Getting algorithm networks to the level of human intelligence, however, is obviously a humongous task. Its asks are as wide-ranging as they are difficult. However, one of the most important parameters for the success of an AI has been its ability to understand and respond to human language. This is why passing the Turing Test — an AI’s responses to a human being indistinguishable from another human’s — has had so much prominence in the tech field and outside. 

AI art, then, particularly text-to-image AI art becomes an excellent metric of how AIs are able to understand and respond to human language. For the AI, venturing into art allows it to grasp subjectivities, nuances, and cultural references in human language. For developers, it becomes an easy, intuitive way to check the success of the AI’s output. For the general public, it’s just plain delightful. 

Beyond the inevitable grinding forward of technological progress, AI art does signal some important changes. 

How Will AI Art Change Things?

AI art generators have enlivened long-standing philosophical discussions like “What is art?” or “Can only humans make art?”. The seeming unprecedented ness of AI could make one spiral into almost unanswerable questions of personhood, however, there is some historical precedent — the camera. When the digital camera was created and popularised, it sparked the same debates before eventually being folded into Art As We Know It as photography — a medium, a tool, a specialisation.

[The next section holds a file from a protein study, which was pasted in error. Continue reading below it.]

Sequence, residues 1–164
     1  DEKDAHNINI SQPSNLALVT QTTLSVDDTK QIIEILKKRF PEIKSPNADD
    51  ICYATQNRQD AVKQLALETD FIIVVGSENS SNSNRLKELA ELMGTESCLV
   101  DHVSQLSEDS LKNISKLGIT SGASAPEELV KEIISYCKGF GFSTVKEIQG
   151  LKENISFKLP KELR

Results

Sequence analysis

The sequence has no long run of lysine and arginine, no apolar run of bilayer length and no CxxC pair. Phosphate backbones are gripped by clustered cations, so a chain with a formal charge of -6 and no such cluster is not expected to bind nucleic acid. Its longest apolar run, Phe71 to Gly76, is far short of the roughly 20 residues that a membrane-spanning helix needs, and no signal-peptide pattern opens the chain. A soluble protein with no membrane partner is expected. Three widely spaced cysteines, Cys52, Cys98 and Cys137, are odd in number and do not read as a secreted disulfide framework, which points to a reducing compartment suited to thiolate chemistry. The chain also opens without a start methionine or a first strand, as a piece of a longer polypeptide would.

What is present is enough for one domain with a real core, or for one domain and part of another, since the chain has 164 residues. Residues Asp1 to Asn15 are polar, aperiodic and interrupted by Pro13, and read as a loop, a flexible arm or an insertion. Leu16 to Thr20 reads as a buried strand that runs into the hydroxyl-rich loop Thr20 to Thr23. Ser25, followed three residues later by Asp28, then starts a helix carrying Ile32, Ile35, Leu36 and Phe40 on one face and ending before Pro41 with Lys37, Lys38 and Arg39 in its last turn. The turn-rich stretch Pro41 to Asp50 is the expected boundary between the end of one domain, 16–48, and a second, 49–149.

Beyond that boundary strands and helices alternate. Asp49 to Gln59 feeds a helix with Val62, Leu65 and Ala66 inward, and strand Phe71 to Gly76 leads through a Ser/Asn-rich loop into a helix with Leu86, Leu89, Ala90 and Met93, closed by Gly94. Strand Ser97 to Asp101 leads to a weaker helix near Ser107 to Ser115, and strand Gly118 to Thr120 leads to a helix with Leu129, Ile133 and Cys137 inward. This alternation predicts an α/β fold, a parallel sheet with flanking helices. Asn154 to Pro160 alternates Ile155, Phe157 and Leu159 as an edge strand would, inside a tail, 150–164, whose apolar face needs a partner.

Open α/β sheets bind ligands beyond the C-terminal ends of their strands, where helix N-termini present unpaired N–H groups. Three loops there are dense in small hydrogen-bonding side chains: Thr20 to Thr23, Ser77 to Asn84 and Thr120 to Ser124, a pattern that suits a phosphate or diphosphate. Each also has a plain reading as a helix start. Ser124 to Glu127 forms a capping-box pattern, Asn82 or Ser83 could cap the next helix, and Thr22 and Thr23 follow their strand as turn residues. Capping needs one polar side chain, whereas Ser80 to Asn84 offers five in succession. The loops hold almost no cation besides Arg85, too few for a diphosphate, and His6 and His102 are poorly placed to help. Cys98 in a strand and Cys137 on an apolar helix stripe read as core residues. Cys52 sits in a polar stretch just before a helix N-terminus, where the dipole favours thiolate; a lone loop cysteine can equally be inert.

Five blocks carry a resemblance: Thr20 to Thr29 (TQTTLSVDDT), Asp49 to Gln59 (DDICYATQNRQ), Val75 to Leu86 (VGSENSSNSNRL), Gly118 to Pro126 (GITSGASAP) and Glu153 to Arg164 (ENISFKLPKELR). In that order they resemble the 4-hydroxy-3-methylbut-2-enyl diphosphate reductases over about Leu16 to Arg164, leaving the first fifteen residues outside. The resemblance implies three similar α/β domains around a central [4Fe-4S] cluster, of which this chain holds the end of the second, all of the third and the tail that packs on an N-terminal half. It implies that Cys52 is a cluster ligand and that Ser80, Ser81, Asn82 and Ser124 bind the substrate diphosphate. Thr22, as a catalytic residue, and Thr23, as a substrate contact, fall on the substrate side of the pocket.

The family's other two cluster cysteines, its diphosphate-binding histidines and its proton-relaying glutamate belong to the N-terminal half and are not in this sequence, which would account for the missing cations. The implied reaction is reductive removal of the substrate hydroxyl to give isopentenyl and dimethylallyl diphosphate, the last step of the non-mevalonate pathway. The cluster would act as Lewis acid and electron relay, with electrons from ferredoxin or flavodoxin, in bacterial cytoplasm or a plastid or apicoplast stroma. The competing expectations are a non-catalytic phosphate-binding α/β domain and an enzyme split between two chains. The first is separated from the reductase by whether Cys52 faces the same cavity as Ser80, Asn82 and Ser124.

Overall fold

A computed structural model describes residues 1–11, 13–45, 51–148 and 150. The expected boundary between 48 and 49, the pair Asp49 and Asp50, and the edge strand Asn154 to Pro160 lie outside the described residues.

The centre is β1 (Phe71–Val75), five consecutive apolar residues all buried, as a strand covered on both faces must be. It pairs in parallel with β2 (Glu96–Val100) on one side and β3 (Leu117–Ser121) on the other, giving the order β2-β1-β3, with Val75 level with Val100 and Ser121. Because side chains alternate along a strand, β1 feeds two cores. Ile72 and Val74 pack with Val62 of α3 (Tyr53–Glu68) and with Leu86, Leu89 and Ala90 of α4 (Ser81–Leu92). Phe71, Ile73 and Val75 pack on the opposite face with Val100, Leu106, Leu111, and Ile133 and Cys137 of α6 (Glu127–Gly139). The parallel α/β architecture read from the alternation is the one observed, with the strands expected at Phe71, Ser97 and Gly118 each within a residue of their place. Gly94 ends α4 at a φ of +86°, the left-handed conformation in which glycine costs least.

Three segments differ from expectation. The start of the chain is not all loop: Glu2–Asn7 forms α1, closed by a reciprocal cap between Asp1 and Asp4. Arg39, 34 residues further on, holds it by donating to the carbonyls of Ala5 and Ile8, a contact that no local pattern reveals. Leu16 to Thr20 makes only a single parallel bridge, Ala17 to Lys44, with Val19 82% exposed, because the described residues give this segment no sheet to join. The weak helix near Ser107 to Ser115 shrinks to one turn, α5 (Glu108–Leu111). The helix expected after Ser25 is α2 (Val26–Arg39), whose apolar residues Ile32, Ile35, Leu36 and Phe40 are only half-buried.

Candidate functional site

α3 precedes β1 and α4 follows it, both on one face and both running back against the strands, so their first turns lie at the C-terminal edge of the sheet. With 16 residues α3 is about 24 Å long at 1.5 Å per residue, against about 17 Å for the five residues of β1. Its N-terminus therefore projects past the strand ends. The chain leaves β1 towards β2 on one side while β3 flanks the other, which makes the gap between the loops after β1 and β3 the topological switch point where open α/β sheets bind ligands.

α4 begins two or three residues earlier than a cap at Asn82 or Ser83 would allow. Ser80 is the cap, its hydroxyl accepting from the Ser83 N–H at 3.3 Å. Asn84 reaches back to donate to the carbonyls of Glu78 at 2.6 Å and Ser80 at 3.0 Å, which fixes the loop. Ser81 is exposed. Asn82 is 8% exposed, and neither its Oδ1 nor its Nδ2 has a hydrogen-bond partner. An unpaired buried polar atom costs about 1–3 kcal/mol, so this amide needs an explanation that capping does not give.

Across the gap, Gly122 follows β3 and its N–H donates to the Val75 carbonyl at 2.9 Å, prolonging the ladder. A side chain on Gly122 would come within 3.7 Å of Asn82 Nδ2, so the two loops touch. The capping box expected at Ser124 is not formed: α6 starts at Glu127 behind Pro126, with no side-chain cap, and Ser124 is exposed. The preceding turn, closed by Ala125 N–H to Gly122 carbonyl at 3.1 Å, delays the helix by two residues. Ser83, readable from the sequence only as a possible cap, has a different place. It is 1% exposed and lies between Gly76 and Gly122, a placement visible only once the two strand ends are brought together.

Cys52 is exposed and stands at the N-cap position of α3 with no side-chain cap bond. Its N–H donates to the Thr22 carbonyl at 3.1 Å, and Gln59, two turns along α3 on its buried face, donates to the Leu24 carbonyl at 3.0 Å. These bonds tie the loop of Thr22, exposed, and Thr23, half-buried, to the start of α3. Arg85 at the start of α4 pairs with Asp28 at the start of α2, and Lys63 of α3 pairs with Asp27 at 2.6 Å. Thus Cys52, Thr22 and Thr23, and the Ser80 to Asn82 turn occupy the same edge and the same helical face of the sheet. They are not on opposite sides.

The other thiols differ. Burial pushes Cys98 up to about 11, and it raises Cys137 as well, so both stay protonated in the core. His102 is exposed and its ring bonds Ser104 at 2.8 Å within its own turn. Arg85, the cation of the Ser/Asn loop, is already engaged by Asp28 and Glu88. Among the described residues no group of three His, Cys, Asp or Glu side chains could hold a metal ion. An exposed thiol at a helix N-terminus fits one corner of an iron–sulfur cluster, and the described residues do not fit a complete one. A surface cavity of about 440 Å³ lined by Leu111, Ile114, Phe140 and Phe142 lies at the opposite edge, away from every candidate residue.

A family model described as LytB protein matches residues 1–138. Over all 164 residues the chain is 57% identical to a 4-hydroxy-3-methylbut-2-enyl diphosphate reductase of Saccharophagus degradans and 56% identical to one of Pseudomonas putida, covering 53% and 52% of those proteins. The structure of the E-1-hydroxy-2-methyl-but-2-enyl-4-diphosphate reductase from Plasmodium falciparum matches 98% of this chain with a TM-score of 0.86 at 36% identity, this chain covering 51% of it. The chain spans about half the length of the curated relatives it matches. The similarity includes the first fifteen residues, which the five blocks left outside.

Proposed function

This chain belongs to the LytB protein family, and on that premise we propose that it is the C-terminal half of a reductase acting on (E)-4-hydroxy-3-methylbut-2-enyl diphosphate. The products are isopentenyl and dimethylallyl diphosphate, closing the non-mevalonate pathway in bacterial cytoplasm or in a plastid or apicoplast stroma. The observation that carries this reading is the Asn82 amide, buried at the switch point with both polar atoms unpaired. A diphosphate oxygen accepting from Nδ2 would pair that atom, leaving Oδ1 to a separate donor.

AI art generators and the technology that underlies them offer the same opportunity to existing and new artists alike. Code and algorithms become a new medium to create visual art in the same way that film roll did. And although one could argue that “The AI does all the work!”, anyone who has spent time tinkering with these generators knows that choosing the right prompt is its own art. The need for a guiding creative vision, a knowledge of artistic vocabulary, and a knack for combining elements are still needed. Creativity is still needed. It can just be applied in new ways.

However, with AI art auctions, and art fairs, there’s no denying this isn’t some insignificant trend. And there’s money in the market — AI art sells for hundreds of thousands of dollars and almost every engine allows you to mint your creation as an NFT for a fee. Its accessibility, customizability, and weirdness have awakened a whole new audience to visual art and the art market. 

A button offering your AI art creation to be minted as an NFT
Wombo and others allow AI creations to be minted as NFTs

If, as Andy Warhol said, “Art is what you can get away with”, AI-generated art is a bold leap in the right direction.

Leave a Reply

Your email address will not be published. Required fields are marked *

This site uses Akismet to reduce spam. Learn how your comment data is processed.